Piggyback

I’d like to talk about an issue that I’ve seen come up a few times over the years that I think every musician who is ever endeavoring to travel and work abroad might experience. Let’s take a musician and we’ll name him John Smith. Now John Smith lives in Ny and has been called to do a festival in London for a week. Now John’s going to be there for a week for only 1 gig. That leaves for a lot of downtime. John has plenty of musician friends in Europe, one of them being a pianist that lives in Paris who happens to be a real aggressive hustler for gigs and he’s successful at it. John calls the pianist (let called him Jacques for now) and lets him know that he’ll be in London for a week for a festival and that he has a few days free. Jacques has some good paying gigs lined up already in Paris and would like to have John on those.


Now here’s where it’s gets tricky. John agrees to do these gigs. The festival organizers in London have already spent 900+ dollars to fly John over the Atlantic to the gig. So now all Jacques needs to do is buy a round trip ticket for John from London to Paris, which is relatively inexpensive (certainly cheaper than footing the bill from NY to London and back). This is called piggybacking on the behalf of Jacques. Now Jacques is ethically obligated to compensate the organizers of the London gig for the initial flight from NY.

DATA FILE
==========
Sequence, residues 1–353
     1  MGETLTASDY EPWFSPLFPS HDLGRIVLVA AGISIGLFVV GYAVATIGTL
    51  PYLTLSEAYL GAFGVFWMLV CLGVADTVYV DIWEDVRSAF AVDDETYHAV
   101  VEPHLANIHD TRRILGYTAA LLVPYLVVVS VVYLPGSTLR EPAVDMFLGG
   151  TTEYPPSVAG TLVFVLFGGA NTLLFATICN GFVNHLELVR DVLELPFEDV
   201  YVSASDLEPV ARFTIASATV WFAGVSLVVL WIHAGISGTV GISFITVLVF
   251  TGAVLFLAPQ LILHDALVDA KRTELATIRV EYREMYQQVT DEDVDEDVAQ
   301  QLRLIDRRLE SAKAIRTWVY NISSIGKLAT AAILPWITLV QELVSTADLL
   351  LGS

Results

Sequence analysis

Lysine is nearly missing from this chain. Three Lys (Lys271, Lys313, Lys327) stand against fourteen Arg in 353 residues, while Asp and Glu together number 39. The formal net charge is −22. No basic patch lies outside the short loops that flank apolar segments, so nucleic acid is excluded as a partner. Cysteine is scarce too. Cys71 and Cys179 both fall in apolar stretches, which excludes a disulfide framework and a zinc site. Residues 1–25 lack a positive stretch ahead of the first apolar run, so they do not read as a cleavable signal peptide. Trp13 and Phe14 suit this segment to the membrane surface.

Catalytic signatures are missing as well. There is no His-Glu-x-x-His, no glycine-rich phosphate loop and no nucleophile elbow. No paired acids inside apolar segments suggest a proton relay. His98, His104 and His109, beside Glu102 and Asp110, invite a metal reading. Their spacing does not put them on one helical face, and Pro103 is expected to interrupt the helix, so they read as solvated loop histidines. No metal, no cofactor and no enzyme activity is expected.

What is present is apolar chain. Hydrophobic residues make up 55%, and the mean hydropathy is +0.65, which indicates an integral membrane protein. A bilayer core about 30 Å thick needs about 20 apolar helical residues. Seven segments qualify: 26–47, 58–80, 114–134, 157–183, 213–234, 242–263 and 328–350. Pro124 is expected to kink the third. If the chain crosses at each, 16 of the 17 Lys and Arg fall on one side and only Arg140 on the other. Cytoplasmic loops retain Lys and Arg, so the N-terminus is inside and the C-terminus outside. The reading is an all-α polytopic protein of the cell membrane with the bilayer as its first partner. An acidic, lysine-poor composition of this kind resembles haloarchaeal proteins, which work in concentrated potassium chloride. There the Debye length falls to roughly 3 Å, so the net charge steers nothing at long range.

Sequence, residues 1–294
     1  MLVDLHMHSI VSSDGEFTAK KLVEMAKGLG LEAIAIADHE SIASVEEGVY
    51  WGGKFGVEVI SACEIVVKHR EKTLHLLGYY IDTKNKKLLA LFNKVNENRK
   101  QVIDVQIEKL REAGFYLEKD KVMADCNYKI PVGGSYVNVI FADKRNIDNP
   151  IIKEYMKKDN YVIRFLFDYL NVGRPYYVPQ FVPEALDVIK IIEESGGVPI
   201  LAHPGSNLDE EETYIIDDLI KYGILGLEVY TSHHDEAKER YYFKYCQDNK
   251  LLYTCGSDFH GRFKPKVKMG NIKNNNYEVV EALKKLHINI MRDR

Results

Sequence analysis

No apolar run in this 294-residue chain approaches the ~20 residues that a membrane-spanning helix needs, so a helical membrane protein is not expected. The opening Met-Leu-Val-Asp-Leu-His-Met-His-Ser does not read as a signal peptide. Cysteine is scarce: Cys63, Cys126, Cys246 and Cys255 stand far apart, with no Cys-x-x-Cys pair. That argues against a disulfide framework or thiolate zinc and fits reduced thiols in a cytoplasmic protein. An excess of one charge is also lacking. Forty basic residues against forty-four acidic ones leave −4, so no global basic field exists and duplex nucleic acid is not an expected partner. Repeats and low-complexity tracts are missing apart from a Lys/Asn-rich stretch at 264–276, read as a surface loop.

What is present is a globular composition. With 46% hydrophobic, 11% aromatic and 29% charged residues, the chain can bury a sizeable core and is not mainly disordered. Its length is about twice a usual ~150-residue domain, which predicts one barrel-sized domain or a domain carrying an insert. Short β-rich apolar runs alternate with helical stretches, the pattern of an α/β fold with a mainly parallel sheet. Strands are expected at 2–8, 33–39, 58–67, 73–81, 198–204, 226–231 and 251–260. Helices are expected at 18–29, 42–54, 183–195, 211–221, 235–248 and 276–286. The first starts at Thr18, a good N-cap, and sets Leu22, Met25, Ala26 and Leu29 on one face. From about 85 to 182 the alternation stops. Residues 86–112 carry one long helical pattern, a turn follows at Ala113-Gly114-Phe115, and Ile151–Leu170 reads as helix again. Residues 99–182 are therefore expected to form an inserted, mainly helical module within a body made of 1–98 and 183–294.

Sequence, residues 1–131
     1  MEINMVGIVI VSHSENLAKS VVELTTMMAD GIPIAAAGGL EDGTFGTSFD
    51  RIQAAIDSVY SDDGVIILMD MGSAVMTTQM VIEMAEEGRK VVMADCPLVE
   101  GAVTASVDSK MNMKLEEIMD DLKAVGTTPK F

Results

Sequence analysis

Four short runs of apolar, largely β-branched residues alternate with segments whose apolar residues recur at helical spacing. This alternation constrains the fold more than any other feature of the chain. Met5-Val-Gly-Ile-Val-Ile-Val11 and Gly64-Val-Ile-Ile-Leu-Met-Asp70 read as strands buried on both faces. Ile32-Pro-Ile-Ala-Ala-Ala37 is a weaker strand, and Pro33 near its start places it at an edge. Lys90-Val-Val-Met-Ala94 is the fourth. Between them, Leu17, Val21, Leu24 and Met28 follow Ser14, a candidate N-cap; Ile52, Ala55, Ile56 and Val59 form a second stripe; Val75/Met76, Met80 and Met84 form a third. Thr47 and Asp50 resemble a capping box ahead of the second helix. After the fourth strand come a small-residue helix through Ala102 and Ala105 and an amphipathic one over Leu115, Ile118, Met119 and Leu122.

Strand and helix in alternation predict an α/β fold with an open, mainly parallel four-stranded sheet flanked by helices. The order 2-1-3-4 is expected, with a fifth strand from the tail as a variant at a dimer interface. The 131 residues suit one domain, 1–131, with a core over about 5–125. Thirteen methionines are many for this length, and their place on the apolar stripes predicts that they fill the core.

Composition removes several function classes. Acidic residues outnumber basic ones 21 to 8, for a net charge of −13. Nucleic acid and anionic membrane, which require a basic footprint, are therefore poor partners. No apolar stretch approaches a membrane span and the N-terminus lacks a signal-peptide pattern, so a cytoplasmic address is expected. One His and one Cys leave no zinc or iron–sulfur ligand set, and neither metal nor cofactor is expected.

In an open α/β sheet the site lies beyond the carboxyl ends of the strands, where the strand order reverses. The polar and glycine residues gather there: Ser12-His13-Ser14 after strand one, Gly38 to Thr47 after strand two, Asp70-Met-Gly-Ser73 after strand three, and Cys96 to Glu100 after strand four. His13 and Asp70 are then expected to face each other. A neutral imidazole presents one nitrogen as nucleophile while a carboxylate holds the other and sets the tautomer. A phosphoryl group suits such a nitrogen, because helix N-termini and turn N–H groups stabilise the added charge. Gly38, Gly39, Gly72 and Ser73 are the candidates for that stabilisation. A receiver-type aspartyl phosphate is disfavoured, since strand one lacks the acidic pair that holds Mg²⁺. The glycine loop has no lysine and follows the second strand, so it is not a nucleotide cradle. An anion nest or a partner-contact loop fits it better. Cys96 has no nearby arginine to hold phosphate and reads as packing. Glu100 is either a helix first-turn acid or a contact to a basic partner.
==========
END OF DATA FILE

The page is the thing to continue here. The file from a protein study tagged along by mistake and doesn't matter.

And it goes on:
Over the years, festival organizers have really started to crack down on this. Most agents work in a network and they all talk to each other so they know who’s playing where. If two agencies are presenting the same act during the same tour for that act, they’ll share the cost of airfare, especially for the U.S. based bands playing abroad (the cost to bring over a quartet or quintet is very expensive and it’s killed every prospect of me bringing my band abroad anytime soon, so I gave up trying to find work for my band abroad). Most acts that perform abroad from the U.S. have to have an “anchor” gig(s) (a gig(s) that covers for the plane tickets) to have any chance of making a profit on the tour.


So for all musicians looking to work abroad, when you do find work please be honest if you are playing elsewhere during your stay if you are questioned about it. Our reputations rely on this…

Until next time,




Jason Palmer

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